The Baltics or what other parts of Europe? So the company is dystopian and we're building all the bikes here as well. But our main market is actually Germany. Then after that, of course the Netherlands and Denmark and Austria, but much, much less here in Estonia. Unfortunately I think it has something to do with both the price.

It is, if you think about bike, then you don't think that you would pay almost 3000 euros for it. But in Germany, I think the mentality is a little bit different. They don't see that as a regular bike. They see almost a substitute to a car because they also have infrastructure in place and they have schemes by the government that help them support the purchase of these kinds of bikes.

So I think that's where I would like to see a stone MBA as well. 


Is there something unique about the software in comparison to other e-bikes?

I would like to answer about the internal tools.

From our side and the functionality so good. But when it comes to the internal tools, then there's really no place where we could copy it. There's other bike manufacturers won't share how they are managing their warehouse or how they're managing their customer information or anything. So that's something we haven't had to come up with ourselves.

And I think it's a really interesting challenge. Okay. And I read somewhere that somebody can try the bike for up to two weeks. And if they're not happy or satisfied with it, they can return it. Is that true? That's right. And we do hope that it's returned in good conditions. And you really, it has happened actually that somebody has ordered the bike, taken it apart into pieces to see what's going on inside, put it back together.

Maybe not even correct me and then send it back. So we're not too happy about those cases. Of course, if you don't like the bike, then I'm sure that there's another bike for you out there. And we don't. One or need to be for everyone. We just want to make sure that the people who do decide to get our bikes are really happy with them.

And that's actually the mentality than 24 pipe drive as well. So if it doesn't fit for you, that's completely fine. We'll be happy to help you find something else that does as long as you really what you're doing. Okay. Can you share any details or any information about a possible expansion? Initiatives, in other markets that, that the company may be going into.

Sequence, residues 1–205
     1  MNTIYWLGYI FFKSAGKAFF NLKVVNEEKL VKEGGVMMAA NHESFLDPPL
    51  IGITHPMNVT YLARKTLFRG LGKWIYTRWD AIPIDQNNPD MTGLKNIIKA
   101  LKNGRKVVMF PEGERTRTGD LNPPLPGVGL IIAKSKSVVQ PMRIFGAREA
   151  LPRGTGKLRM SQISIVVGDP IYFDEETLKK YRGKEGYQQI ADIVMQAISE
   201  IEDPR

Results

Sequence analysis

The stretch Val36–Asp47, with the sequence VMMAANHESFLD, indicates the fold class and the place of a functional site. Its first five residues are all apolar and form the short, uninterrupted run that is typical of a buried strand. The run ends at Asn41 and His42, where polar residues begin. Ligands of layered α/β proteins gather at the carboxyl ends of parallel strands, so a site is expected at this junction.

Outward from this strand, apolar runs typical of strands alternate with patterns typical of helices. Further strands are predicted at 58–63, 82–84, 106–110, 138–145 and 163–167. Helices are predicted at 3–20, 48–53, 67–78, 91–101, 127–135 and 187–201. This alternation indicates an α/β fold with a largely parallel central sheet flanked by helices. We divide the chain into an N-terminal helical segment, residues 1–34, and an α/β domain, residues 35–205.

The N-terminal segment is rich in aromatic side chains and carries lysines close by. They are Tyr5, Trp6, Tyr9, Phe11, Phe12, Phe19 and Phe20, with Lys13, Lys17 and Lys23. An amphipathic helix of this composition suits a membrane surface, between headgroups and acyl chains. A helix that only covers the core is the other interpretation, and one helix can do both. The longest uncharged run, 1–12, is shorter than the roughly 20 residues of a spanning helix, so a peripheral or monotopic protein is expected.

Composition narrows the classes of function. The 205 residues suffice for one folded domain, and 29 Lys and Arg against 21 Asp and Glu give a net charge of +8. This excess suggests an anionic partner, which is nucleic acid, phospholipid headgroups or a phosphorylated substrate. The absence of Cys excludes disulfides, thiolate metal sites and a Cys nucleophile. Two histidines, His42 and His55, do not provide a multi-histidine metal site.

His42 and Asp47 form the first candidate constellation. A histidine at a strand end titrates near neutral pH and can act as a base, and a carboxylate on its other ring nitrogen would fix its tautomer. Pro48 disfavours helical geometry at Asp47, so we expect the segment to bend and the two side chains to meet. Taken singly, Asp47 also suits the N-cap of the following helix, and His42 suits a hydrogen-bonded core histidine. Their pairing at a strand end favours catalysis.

Yeah, sure. It's a funny thing that I haven't seen this problem in my career yet that we don't really have problems with selling the bikes. The market is so big, even here in Estonia in Europe and in Germany specifically, we'd rather have problems right now with shipping the bikes because of the situation in the world.

However, we are hoping that we could expand to Switzerland next or any other country near there where bicycles are really protected. Okay. Got you.  Okay. Hillary, not now for just a little bit of fun stuff. So that the audience can get to know you. Can you tell me about maybe a favorite TV show or movie that you can watch again and again?

For me, it's parks and recreation, for sure. Okay. Yeah. I definitely know the show. Okay. Is there a food that you don't like a food and actually discuss you? Yes, there is actually I think only one. And it's called I don't know if it exists in other parts of the world, but it's meat, jelly, Sonya, and I think it's disgusting.

I think it exists here in Romania. They have this jelly with this, yeah, this bones, and meat inside of it. And I. Luckily, my in-laws don't make that, but I've heard about it and I'm glad that they don't make that because I would not want to offend them at the table. And of course, being the good son-in-law that I am, I would eat it.

And I have to force the smile on my face saying, oh, this is delicious. And I know that. Okay. Any any quirky or crazy or funny memories from your time in Madrid that anything that stands out 

  I think one of the most memorable. Times was when I remembered that I got paid for my work. And then I went to the store and got two avocados. And that seemed like the most extravagant thing that you could have. You would just buy avocados to accompany or pasta or not even pasta, just macaroni.

When I was when I was poor, a poor student as well, I would make macaroni and cheese and mix it with tuna. And I was like good for two days. And that was like one of my dishes when I was a poor student Hillary, if people want to learn more about you, where should they go? Where should they go?

So LinkedIn? Yes. And for antler, more employer Instagram, or just, if anyone happens to be in Europe in either Berlin or cologne or even talent, then visiting us in the showroom is always great. Fantastic. Okay. Hillary, thank you so much for being on innovators can laugh. We're excited to have you on the show.

We hope that everybody learned about Hilary Estonia and ampler bikes until next week. This is Eric saying goodbye and la revedere.